This is in line with the commitment given in the Housing White Paper. Starter homes were introduced in the Housing and Planning Act 2016, although the secondary legislation to bring the provisions into force has yet to be enacted.Â The amendment to the definition of affordable housing broadens the potential tenure mix of affordable housing units to be provided within a proposed development with starter homes and discounted market sales housing capable of being counted towards on-site provision of affordable housing.
The proposed changes to the NPPF aim to continue to tackle the housing crisis with various policy changes, including assessing the financial viability of sites at the site allocation stage rather than waiting for submission of the application.
However, these front-loading techniques are extremely optimistic and expect far too much from local planning authorities, whose resources are too often overstretched.Â When an application is submitted, the majority of councils are unable to devote the time to it that they once could.Â While negotiation and cooperation with the applicant is expected it is certainly not that straight forward with increasing centralisation of resources and the inability to speak to many planning officers directly.
This often leads to an impersonal approach to the assessment of an application and a general lack of understanding of how the site has come forward. Sadly, the housing crisis is such that thereâ€™s an increasing reliance on volume housebuilders to meet our demands, which then puts question marks over the viability of sites less than 100 units.Â These sites can be brought forward by small to medium housebuilders, but the expectations for on-site and off-site contributions are invariably too much to justify bringing them forward.
Â The national framework has been with us, without amendment for over six years. The changes indicate that momentum over viability assessments is shifting back towards planning authorities. But is this a good thing? Constraints over viability assessments at the planning stage are likely to be seen by developers as lacking the clarity of more detailed assessment at the application stage.
The â€˜agent of changeâ€™ principle is one that has been floated around for a long time and finally makes an appearance on the policy books, after past reluctance and relatively little advanced warning. The change has the potential to transform the way planning approaches environmental impacts in some development sectors. The local planning authority will insist that a new development mitigates the impact it will have on surrounding existing uses, rather than on the current position.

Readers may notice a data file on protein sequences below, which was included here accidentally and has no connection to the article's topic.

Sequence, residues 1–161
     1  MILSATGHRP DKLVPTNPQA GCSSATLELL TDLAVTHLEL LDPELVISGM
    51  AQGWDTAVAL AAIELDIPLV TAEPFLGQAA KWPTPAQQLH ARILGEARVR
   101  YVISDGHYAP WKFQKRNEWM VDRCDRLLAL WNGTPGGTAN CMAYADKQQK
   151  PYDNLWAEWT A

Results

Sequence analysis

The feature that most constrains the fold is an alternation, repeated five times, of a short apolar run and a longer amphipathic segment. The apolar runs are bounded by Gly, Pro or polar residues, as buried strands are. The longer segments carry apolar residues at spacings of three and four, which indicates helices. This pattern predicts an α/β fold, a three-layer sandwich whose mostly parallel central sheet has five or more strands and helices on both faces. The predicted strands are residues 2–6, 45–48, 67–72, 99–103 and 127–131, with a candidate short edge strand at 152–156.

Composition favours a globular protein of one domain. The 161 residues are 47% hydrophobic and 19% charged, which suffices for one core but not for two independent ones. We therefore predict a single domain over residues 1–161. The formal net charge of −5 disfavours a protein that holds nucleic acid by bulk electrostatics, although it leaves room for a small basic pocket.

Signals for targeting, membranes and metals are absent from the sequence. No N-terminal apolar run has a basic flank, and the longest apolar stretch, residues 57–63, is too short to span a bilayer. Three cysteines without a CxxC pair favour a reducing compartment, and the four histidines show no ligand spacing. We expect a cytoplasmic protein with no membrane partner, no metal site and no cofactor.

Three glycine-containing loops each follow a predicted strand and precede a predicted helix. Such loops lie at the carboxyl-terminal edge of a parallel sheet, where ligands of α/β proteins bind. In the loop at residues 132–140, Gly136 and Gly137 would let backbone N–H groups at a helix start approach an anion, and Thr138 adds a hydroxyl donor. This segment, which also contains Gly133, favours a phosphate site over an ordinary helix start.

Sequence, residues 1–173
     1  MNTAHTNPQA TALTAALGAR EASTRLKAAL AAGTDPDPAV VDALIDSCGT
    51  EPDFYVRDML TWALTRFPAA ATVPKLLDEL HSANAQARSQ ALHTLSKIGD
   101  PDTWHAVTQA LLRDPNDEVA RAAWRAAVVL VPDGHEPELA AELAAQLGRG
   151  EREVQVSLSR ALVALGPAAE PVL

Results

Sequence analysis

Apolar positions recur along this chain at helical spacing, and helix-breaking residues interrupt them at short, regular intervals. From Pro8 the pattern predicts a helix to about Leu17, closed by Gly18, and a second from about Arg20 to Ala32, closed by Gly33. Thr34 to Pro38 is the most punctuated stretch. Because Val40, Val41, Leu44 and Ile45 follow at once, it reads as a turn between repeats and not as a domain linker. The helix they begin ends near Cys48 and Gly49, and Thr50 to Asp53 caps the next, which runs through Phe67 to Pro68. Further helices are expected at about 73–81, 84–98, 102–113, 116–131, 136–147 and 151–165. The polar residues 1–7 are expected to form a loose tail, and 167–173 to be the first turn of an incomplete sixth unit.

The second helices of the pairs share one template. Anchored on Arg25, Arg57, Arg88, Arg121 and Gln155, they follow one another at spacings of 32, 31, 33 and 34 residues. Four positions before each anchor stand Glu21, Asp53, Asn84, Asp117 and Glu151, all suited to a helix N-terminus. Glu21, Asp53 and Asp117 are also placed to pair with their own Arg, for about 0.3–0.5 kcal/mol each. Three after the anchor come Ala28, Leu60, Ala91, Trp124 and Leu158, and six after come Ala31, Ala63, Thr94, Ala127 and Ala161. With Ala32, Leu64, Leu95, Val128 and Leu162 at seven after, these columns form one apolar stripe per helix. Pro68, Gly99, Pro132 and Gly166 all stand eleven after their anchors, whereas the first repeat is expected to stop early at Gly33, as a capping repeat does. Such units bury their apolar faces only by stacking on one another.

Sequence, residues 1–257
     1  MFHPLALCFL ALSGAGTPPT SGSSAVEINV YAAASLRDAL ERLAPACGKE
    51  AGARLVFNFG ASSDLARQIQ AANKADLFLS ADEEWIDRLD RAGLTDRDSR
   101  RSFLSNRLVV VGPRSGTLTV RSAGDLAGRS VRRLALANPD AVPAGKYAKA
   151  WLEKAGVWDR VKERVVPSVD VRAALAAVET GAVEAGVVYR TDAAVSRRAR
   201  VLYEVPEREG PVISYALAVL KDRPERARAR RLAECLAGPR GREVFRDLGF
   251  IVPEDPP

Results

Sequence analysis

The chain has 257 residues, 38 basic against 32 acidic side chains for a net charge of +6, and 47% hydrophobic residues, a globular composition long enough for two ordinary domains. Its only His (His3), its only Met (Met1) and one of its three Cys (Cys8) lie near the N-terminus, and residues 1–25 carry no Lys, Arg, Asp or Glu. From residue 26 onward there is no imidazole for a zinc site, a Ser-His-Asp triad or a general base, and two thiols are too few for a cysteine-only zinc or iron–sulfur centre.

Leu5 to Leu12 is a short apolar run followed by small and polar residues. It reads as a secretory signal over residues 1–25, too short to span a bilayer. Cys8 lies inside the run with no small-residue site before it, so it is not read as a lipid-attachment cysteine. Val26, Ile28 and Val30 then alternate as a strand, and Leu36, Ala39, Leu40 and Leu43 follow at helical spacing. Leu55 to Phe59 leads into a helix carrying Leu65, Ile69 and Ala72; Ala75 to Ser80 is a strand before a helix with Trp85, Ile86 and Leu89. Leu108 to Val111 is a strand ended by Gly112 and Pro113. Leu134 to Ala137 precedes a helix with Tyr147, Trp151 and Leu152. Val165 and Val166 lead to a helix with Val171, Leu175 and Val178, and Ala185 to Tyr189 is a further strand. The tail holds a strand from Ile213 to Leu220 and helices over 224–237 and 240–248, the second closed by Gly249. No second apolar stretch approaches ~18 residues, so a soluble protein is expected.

It would have been great to have seen more strident action around theÂ initial government response to the proposed NPPF changes, specifically around a lack of ambition over tackling the housing crisis and increasing the delivery of affordable homes.Â More fundamental changes around Green Belt policy are needed if we are to realise the 300,000 new homes in England per year despite the articulation of changes that could help. Bolder measures are required to address the countryâ€™s housing problems, notably increasing development of Green Belt land in the face of a declining bank of brownfield sites.
While the new-look NPPF will be seen by many as a step in the right direction, thereâ€™s a sense of disappointment; that an opportunity has been missed to radically affect, or fundamentally change, the way planning is carried out in this country. Itâ€™s a shame when thereâ€™s an increasing feeling among those involved in residential and commercial property development, that planningâ€™s an increasingly systematic, impersonal process, stifled by budget reductions that restrict ambition, creativity and imagination at a local planning level.